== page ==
London Stock Exchange (LSE)

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What is the London Stock Exchange (LSE)?

The London Stock Exchange (LSE) is one of the world’s oldest stock exchanges and the primary stock exchange in the United Kingdom.


Founded in 1801, the LSE enables companies to enter the equity markets to raise capital and facilitate the exchange of their financial assets. It offers different markets tailored to companies of different sizes and stages to list their shares.

As of May 2023, there were over 1,900 companies listed on the London Stock Exchange with a combined market capitalization exceeding £3 trillion, making it one of the largest stock exchanges globally. Its benchmark FTSE 100 Index is comprised of the 100 most valuable UK-listed blue-chip stocks.

How Does the LSE Work?

4 Key Functions of the London Stock Exchange

The London Stock Exchange fulfills several key functions:

  1. Capital Raising Platform: The LSE gives companies access to deep capital pools via public listings to fund their growth and expansion projects.
  2. Secondary Market Trading: Investors can trade securities like common shares, bonds, funds, and derivatives via the LSE’s electronic platforms.
  3. Information Dissemination: The LSE provides real-time prices, news, and financial data to brokers, traders, analysts, and investors to make informed decisions and disseminate this information among their customers.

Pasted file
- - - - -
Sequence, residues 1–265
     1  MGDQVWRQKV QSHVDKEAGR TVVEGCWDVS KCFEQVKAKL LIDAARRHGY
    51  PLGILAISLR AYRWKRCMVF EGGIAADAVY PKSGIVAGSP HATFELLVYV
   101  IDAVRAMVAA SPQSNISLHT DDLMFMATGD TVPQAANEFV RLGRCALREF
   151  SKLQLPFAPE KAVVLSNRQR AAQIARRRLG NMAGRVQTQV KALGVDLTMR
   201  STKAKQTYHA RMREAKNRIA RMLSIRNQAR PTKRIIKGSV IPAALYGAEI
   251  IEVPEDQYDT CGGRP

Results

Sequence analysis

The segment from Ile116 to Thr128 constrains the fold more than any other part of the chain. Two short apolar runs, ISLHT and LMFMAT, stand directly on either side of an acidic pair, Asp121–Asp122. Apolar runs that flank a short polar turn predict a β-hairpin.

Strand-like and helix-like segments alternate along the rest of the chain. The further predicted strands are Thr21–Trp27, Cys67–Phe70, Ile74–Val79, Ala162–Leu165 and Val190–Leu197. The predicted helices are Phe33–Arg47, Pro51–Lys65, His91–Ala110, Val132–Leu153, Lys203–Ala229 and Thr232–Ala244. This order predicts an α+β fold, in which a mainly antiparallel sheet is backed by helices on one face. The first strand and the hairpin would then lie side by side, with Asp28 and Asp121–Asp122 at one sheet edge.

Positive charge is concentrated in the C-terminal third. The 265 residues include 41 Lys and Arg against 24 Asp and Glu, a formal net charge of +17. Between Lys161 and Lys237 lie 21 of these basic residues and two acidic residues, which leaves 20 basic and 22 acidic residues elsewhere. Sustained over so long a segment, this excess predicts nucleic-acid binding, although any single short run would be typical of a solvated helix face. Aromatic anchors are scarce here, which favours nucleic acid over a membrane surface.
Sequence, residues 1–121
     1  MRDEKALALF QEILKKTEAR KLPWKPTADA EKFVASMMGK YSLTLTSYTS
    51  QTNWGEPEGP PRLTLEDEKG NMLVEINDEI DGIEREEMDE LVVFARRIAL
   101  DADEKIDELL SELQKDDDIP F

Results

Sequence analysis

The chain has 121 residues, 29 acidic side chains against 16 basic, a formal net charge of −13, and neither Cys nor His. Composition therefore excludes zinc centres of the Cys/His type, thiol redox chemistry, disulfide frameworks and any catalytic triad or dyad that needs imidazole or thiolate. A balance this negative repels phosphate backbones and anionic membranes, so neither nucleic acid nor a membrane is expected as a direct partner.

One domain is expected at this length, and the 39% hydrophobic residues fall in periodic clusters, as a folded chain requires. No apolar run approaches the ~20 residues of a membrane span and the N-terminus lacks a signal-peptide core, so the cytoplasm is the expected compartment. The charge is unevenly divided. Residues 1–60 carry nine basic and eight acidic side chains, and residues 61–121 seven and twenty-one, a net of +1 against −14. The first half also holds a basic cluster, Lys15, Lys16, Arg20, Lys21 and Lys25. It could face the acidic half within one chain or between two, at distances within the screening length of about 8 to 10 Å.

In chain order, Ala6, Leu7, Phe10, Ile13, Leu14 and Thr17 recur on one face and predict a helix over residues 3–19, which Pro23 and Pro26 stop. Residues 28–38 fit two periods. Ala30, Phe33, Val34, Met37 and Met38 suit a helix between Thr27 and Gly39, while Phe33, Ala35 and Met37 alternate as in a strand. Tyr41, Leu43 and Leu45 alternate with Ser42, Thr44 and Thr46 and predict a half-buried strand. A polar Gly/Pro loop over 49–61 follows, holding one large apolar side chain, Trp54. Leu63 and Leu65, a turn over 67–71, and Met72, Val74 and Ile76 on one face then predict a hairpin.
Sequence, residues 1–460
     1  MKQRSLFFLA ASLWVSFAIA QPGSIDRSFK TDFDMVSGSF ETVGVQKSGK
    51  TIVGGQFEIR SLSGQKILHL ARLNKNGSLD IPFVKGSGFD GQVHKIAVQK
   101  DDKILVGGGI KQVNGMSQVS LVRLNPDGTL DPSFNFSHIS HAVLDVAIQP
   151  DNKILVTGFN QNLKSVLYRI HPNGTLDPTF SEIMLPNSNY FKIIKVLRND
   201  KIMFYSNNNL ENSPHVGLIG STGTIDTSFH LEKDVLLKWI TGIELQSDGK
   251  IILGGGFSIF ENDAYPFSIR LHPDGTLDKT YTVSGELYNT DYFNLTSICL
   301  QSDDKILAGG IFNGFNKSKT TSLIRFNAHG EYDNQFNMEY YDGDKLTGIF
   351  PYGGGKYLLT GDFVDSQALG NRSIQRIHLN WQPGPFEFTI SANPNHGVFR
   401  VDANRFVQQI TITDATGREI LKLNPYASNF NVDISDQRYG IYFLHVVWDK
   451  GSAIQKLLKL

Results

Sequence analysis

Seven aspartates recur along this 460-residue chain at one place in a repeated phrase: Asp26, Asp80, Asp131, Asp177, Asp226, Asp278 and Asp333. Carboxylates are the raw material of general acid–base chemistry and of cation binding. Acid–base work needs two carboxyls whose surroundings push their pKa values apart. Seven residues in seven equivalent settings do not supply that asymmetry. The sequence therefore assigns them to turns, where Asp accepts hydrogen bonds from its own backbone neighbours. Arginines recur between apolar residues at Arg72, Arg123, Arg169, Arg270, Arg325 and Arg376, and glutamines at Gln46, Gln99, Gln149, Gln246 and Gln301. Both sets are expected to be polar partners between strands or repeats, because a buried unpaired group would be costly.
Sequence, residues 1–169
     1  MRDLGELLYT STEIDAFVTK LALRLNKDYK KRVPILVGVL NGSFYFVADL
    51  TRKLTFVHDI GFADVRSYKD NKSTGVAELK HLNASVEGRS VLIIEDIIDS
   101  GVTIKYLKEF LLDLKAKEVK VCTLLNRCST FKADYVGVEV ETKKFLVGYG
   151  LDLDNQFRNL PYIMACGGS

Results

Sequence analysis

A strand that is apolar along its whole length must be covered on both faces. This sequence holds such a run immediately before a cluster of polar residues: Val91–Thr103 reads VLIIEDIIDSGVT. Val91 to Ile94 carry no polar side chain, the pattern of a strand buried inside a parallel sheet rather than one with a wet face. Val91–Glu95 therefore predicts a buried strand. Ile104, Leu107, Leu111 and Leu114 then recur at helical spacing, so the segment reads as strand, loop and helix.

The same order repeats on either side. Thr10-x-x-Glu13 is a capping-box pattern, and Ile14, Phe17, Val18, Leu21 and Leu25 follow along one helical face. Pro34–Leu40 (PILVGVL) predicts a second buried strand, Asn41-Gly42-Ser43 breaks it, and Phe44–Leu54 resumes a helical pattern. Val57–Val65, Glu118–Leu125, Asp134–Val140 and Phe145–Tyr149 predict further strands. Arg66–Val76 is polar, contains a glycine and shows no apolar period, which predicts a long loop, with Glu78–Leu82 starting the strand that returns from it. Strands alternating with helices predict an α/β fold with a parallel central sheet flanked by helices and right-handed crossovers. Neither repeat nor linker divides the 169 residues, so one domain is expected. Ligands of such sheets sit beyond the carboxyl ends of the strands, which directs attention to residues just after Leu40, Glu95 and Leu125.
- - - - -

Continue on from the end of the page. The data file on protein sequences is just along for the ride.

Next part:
4. Risk Transfer: Derivatives and options contracts traded on the LSE enable risk transfer from hedgers to speculators.

The exchange matches buy and sell orders electronically through trading systems like SETS. Market makers provide liquidity, while regulators oversee that operations are carried out in an orderly and fair manner. LSE member companies get fast transaction execution and access to capital, while listed firms gain prestige and widen their investor bases.

How is the London Stock Exchange Structured?

The London Stock Exchange Group is segmented into four different markets that cater to companies of various sizes and stages of development. In addition, different types of securities are commercialized in each market to fulfill companies’ funding requirements and the market’s needs.

Additionally, the LSE offers dedicated indexes, various trading platforms like Turquoise and electronic bond trading venue MOT, and an array of tradable products from common shares to exchange-traded funds (ETFs).

When Was the LSE Founded?

The origins of the London Stock Exchange can be traced back to the 17th century when stock trading occurred in coffee shops. Broker John Castaing began publishing a list of stock and commodity prices at Jonathan’s Coffee House in 1698.

The first regulated London Stock Exchange opened its doors on March 3, 1801, through an agreement between 150 brokers to form a rule-based exchange. This paved the way for formal stock trading in the City of London.

It obtained its royal patronage in the mid-19th century, becoming the Stock Exchange of Great Britain and Ireland. The exchange kept growing in line with Britain’s expanding economy to become one of the world’s largest bourses.

Big Bang deregulation in 1986 ushered in dramatic changes, including automated electronic trading and opening up memberships to foreign firms. This marked the transformation of the LSE into a modern exchange that competes in the global arena.